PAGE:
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Museums Draw on Licensing to Expand Reach

With museum doors closed during much of the past two years, brand licensing was more important than ever. Programs already underway were accelerated as admissions revenue dried up.

This growth was driven not only by the need to find new sources of revenue, however, but also to keep the museums’ brands top of mind with consumers at a time when virtual collections ruled the day.

“Museums were already looking for alternative revenue streams and for ways not just to make more money, [but] to connect with different audiences,” said Lisa Silverman Myers, the head of licensing and partnerships at the Metropolitan Museum of Art (The Met). “The pandemic accelerated all this and, to some extent, it gave us a little space to have conversations [with museum staff] about licensing, speak with curators and make those connections.”

Those connections, in the case of the Met and other museums, have resulted in a broader range of licensed products and distribution.

For example, the Met, expanded Beanstalk’s representation to include the UK, Europe, the Middle East, and Asia, filling regions previously handled by WildBrain CPLG. Licensee Casetify is launching a cellphone case collection on March 25 featuring the works of artists like Van Gogh and Monet. Meanwhile, cellphone case supplier Casely is also readying what it’s billing as the “official” Van Gogh collection under an agreement with The Van Gogh Museum. (The Met has a separate collection of 17 of Van Gogh’s paintings.)

In the case of the Brooklyn Museum, it hired Artistory last fall as the master licensing agency charged with seeking agreements for its collection of 1.5 million works of art, craft, design, and artifacts. Artistory also recently added Madrid’s Thyssen-Bornemisza National Museum and its 1,600 paintings to its client list.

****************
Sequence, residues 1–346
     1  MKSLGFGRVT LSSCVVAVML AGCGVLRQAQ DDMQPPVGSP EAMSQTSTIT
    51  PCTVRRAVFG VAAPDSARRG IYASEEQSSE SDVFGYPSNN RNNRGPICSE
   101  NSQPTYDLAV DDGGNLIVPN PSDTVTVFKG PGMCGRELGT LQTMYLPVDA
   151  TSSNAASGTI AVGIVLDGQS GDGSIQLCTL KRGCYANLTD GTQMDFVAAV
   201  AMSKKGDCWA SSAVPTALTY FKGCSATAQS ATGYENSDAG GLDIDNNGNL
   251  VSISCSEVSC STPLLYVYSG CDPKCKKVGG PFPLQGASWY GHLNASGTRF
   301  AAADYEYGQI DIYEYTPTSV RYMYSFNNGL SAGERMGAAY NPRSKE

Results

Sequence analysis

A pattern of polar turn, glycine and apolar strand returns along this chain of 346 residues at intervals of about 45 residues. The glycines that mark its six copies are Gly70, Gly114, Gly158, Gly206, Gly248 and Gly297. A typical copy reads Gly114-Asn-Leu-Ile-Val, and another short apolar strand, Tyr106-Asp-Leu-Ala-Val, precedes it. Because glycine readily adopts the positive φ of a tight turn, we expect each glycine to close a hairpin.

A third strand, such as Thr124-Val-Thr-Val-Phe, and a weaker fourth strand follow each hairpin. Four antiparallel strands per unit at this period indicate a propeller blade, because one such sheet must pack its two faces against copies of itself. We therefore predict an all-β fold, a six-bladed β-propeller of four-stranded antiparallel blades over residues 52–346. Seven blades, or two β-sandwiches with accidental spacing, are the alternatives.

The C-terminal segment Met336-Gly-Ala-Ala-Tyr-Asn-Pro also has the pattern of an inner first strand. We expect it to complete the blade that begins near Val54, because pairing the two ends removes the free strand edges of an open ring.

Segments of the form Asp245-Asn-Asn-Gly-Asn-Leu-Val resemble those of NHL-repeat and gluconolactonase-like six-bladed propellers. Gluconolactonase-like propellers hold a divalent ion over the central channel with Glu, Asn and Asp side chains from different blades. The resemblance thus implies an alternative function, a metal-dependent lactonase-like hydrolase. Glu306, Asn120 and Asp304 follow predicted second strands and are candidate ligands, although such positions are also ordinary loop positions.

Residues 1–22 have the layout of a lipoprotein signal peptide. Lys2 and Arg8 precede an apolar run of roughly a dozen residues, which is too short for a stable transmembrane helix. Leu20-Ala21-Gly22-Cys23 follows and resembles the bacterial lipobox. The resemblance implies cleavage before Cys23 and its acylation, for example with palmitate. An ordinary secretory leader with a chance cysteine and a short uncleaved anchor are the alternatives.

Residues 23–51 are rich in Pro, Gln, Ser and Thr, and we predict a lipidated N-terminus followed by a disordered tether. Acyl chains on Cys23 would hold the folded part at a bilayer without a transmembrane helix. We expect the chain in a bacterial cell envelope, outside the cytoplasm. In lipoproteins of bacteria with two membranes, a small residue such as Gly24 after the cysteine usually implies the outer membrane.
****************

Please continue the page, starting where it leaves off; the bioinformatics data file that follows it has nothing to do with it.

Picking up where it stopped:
London’s National Gallery licensee Uin, meanwhile, launched a footwear collection using the works of Van Gogh and Georges Seurat. The Museum of Modern Art (MoMA) licensed Vans for footwear and apparel and signed a partnership with Nordstrom to sell a collection of more than 200 home décor products in 10 U.S. cities.

On the distribution front, the Met paired its “European Masterpieces from The Metropolitan Museum of Art” traveling exhibit—which features 46 paintings that are in Tokyo through May 30—with licensed products including those from lead licensee Art Plus Project Co.

“There has been a trend of interest in art in licensing. The timing was right [during the pandemic] and a lot of museums were feeding that moment,” Silverman Myers said. “We are [just] scratching the surface of what we {The Met}can do since we are barely in Europe [for licensing] and in Japan for about a year.”

Another area of focus for museums looking to license is the Middle East.  In recent years several museums have opened in the region including the Louvre in Abu Dhabi, the Museum of Islamic Art in Doha, and King Abdulaziz Center for World Culture in Saudi Arabia. Countries throughout the region have competed to attract Western institutions.

As a gauge, Sotheby’s has served the territory for 40 years, but in the past five years has seen a 30% increase in the number of buyers and a cumulative total of $830 million has been spent on art auctions during that period.

“The sheer scale of museum evolution in the region over the past decade is utterly unprecedented,” according to Michael Macaulay, senior vice president of contemporary art for Sotheby’s.

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